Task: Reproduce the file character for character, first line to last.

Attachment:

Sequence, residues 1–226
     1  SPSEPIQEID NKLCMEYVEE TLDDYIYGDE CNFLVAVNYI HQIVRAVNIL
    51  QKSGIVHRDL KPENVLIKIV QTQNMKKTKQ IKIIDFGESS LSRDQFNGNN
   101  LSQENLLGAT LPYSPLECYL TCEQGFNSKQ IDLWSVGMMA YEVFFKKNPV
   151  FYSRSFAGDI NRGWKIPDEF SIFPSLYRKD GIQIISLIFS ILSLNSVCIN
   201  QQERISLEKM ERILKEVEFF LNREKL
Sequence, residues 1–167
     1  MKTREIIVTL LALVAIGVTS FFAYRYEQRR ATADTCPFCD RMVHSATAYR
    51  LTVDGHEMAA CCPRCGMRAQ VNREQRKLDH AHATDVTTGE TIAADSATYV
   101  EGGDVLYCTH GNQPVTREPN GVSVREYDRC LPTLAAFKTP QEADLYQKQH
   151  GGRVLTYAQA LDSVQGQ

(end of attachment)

Sequence, residues 1–226
     1  SPSEPIQEID NKLCMEYVEE TLDDYIYGDE CNFLVAVNYI HQIVRAVNIL
    51  QKSGIVHRDL KPENVLIKIV QTQNMKKTKQ IKIIDFGESS LSRDQFNGNN
   101  LSQENLLGAT LPYSPLECYL TCEQGFNSKQ IDLWSVGMMA YEVFFKKNPV
   151  FYSRSFAGDI NRGWKIPDEF SIFPSLYRKD GIQIISLIFS ILSLNSVCIN
   201  QQERISLEKM ERILKEVEFF LNREKL
Sequence, residues 1–167
     1  MKTREIIVTL LALVAIGVTS FFAYRYEQRR ATADTCPFCD RMVHSATAYR
    51  LTVDGHEMAA CCPRCGMRAQ VNREQRKLDH AHATDVTTGE TIAADSATYV
   101  EGGDVLYCTH GNQPVTREPN GVSVREYDRC LPTLAAFKTP QEADLYQKQH
   151  GGRVLTYAQA LDSVQGQ